If the world is complex and looks intricately designed, and therefore the best inference is that there must be an intelligent designer, should we not then infer that an intelligent designer must itself have been designed? That is, if the earmarks of design imply that there is an intelligent designer, then the existence of an intelligent designer denotes that it must have a designer–a super intelligent designer. And by the same course of reasoning, any designer who can create a super intelligent designer must itself be a superior super intelligent designer. Ad infinitum.

Shermer also points out that finite human intelligence could never adequately determine if or when they have discovered something that could only be explained by an “absolute” (omnipotent and omniscience) Divine Intelligence; how can finite beings determine evidence of an absolute divine Being’s input into the natural order?

In the conclusion to the chapter, “In Search of the Designer,” he writes:

Intelligent Design is simple science. It is also bad theology. Intelligent Design reduces the deity to a mere engineer, a garage tinkerer, a technician piecing together worlds and life forms out of available materials, but not necessarily the creator of the original materials. This is not at all the spirit invoked in the creeds such as those formulated at the first Nicene Council, held in AD 325, the opening of which states: “We believe in one God, the Father Almighty, Maker of heaven and earth, and of all things visible and invisible. (42-43).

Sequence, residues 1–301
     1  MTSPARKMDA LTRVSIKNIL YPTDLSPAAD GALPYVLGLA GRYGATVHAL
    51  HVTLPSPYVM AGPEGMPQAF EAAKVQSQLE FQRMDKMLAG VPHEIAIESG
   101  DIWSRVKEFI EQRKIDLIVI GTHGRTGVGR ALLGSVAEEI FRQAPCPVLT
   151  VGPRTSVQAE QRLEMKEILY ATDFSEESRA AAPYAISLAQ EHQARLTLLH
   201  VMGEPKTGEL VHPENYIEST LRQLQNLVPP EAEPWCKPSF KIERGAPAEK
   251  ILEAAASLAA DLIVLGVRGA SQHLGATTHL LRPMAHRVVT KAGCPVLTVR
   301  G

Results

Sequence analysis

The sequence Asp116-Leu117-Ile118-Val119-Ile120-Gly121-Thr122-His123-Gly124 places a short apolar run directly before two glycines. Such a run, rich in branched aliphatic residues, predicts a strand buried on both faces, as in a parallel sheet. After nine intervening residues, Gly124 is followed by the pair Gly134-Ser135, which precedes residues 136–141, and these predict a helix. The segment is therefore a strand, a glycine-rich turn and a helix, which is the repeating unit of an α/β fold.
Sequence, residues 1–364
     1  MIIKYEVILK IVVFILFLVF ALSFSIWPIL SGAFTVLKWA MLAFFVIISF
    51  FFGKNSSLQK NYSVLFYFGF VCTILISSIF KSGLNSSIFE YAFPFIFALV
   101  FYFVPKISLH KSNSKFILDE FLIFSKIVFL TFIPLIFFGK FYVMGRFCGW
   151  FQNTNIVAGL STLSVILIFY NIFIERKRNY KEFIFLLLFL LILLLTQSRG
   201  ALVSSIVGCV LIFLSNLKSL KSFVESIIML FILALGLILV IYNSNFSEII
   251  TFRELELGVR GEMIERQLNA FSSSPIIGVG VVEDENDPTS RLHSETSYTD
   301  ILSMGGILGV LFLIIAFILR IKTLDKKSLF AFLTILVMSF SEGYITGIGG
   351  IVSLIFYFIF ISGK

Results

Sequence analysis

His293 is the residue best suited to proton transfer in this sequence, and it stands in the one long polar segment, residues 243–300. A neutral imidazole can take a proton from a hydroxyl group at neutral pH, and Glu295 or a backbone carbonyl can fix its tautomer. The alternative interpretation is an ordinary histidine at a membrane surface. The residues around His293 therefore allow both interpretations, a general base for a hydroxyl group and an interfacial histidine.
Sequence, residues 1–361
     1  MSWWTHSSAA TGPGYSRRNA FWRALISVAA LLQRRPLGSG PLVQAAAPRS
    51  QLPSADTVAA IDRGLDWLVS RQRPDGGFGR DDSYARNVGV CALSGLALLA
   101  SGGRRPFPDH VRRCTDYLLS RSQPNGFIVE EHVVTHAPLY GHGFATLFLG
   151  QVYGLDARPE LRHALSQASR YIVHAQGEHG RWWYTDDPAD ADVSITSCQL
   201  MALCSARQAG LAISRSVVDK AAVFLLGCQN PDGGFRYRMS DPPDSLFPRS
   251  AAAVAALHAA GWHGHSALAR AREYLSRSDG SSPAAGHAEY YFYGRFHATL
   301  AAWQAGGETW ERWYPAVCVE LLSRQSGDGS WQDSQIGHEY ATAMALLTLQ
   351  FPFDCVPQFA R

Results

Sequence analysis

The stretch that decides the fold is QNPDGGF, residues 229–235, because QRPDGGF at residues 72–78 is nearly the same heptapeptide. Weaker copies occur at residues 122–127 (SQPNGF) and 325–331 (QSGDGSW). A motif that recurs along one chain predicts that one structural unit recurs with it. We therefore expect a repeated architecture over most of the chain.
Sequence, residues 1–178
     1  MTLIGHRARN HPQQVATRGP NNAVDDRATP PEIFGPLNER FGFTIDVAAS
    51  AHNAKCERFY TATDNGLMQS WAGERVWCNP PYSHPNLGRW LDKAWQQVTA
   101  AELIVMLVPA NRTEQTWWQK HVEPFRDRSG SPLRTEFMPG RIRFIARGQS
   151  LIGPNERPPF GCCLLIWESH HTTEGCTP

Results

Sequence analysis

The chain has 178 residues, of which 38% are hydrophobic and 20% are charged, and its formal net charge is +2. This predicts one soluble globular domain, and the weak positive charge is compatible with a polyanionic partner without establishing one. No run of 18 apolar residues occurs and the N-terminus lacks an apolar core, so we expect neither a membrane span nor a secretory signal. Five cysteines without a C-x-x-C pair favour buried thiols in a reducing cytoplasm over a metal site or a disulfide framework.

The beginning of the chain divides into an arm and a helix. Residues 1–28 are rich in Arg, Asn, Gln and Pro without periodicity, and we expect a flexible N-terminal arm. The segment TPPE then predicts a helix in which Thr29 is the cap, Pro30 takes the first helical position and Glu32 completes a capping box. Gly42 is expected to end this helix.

To be fair, the ID proponents I have read do not claim to be providing positive evidence for the God of the Bible; or even necessarily of a personal deity like that described in biblical revelation. Their main interest seems to be in poking enough holes in Darwinian evolution to allow Christians to continue to comfortably reject it, in favor of creationism. They do this through highlighting negatives (or supposed “missing links”) or by positively ascribing “design”–even despite lack of adequately conclusive evidence.

There are intuitive elements behind intelligent design that do not bother me. I, too, desire to make meaning out of an often-chaotic world. I believe in a divine Creator–besides which nothing in the universe and natural world that exists would exist. But note this is a faith commitment I have: not a dogmatic truth based on apologetic argument. But in my experience of God, I also have moments of reflecting on the beauty of the natural world; the wonders of the human body, or the majesty of the mountains, or the simplistic splendor of a single blade of grass.

So we need to be honest about the limitations of inferring or assuming “design” scientifically and we also need to be honest about the lack of apparent intelligent design in so much of our experience in and observation of the natural world.

Furthermore, we don’t need to ascribe to ID in order to worship God and to be thankful for the wonders of creation–even a creation that came about through an evolutionary process. Again, from Shermer:

If we think of God as a thing, a being that exists in space and time, it constrains God to our world, a world of other things and other beings that are also restrained by the laws of nature and the contingencies of chance. But if God is the maker of all things and all beings visible and invisible in heaven and earth, God must be above such restraints; that is, above the laws of nature and contingencies of chance…

If there is a God, the avenue to Him is not through science and reason, but through faith and revelation. If there is a God, He will be so wholly Other that no science can reach Him, especially not the science that calls itself Intelligent Design. (43-44)